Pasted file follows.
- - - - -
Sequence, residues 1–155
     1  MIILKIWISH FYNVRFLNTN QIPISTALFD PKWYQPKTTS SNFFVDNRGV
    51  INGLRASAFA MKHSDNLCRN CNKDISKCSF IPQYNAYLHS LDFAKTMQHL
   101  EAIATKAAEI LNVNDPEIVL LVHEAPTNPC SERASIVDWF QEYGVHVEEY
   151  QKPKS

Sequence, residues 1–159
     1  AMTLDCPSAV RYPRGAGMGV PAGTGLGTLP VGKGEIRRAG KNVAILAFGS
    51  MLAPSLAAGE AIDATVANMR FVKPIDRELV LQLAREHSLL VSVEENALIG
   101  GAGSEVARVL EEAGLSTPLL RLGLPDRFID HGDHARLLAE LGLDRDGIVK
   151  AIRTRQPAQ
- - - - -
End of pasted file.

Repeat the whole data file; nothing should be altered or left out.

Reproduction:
Sequence, residues 1–155
     1  MIILKIWISH FYNVRFLNTN QIPISTALFD PKWYQPKTTS SNFFVDNRGV
    51  INGLRASAFA MKHSDNLCRN CNKDISKCSF IPQYNAYLHS LDFAKTMQHL
   101  EAIATKAAEI LNVNDPEIVL LVHEAPTNPC SERASIVDWF QEYGVHVEEY
   151  QKPKS

Sequence, residues 1–159
     1  AMTLDCPSAV RYPRGAGMGV PAGTGLGTLP VGKGEIRRAG KNVAILAFGS
    51  MLAPSLAAGE AIDATVANMR FVKPIDRELV LQLAREHSLL VSVEENALIG
   101  GAGSEVARVL EEAGLSTPLL RLGLPDRFID HGDHARLLAE LGLDRDGIVK
   151  AIRTRQPAQ